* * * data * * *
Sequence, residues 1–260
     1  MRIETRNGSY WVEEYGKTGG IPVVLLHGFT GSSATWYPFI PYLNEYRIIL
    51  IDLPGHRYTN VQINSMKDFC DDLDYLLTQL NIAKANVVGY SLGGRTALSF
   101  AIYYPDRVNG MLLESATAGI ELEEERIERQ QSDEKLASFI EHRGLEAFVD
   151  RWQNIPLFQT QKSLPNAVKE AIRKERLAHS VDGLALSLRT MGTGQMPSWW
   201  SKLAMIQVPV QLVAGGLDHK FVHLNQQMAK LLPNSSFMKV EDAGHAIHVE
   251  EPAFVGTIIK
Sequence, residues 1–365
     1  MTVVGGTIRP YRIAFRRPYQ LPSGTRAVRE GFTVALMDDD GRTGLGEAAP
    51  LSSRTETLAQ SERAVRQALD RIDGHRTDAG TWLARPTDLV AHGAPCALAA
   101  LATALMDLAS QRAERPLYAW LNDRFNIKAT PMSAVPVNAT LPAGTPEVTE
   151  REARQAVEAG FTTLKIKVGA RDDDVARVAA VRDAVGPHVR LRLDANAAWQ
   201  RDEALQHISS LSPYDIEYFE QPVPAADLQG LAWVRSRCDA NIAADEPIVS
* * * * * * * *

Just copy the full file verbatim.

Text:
Sequence, residues 1–260
     1  MRIETRNGSY WVEEYGKTGG IPVVLLHGFT GSSATWYPFI PYLNEYRIIL
    51  IDLPGHRYTN VQINSMKDFC DDLDYLLTQL NIAKANVVGY SLGGRTALSF
   101  AIYYPDRVNG MLLESATAGI ELEEERIERQ QSDEKLASFI EHRGLEAFVD
   151  RWQNIPLFQT QKSLPNAVKE AIRKERLAHS VDGLALSLRT MGTGQMPSWW
   201  SKLAMIQVPV QLVAGGLDHK FVHLNQQMAK LLPNSSFMKV EDAGHAIHVE
   251  EPAFVGTIIK
Sequence, residues 1–365
     1  MTVVGGTIRP YRIAFRRPYQ LPSGTRAVRE GFTVALMDDD GRTGLGEAAP
    51  LSSRTETLAQ SERAVRQALD RIDGHRTDAG TWLARPTDLV AHGAPCALAA
   101  LATALMDLAS QRAERPLYAW LNDRFNIKAT PMSAVPVNAT LPAGTPEVTE
   151  REARQAVEAG FTTLKIKVGA RDDDVARVAA VRDAVGPHVR LRLDANAAWQ
   201  RDEALQHISS LSPYDIEYFE QPVPAADLQG LAWVRSRCDA NIAADEPIVS